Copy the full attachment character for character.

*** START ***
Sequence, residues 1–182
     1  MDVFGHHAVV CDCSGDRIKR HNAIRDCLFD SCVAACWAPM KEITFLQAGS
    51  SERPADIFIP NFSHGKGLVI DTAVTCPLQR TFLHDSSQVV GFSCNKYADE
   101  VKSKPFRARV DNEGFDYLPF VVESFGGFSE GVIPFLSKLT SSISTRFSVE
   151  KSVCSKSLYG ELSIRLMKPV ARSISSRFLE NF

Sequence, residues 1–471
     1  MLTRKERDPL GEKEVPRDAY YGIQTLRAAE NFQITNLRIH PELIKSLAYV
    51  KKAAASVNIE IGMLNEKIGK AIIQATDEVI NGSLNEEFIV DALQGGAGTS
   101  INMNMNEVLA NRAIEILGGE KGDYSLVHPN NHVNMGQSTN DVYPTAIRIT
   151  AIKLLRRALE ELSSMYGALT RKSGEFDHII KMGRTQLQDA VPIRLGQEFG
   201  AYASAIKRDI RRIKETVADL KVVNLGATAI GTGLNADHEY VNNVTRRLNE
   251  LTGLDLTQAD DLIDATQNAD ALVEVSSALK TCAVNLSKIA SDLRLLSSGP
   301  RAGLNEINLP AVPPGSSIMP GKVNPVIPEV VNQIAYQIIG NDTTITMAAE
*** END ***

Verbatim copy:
Sequence, residues 1–182
     1  MDVFGHHAVV CDCSGDRIKR HNAIRDCLFD SCVAACWAPM KEITFLQAGS
    51  SERPADIFIP NFSHGKGLVI DTAVTCPLQR TFLHDSSQVV GFSCNKYADE
   101  VKSKPFRARV DNEGFDYLPF VVESFGGFSE GVIPFLSKLT SSISTRFSVE
   151  KSVCSKSLYG ELSIRLMKPV ARSISSRFLE NF

Sequence, residues 1–471
     1  MLTRKERDPL GEKEVPRDAY YGIQTLRAAE NFQITNLRIH PELIKSLAYV
    51  KKAAASVNIE IGMLNEKIGK AIIQATDEVI NGSLNEEFIV DALQGGAGTS
   101  INMNMNEVLA NRAIEILGGE KGDYSLVHPN NHVNMGQSTN DVYPTAIRIT
   151  AIKLLRRALE ELSSMYGALT RKSGEFDHII KMGRTQLQDA VPIRLGQEFG
   201  AYASAIKRDI RRIKETVADL KVVNLGATAI GTGLNADHEY VNNVTRRLNE
   251  LTGLDLTQAD DLIDATQNAD ALVEVSSALK TCAVNLSKIA SDLRLLSSGP
   301  RAGLNEINLP AVPPGSSIMP GKVNPVIPEV VNQIAYQIIG NDTTITMAAE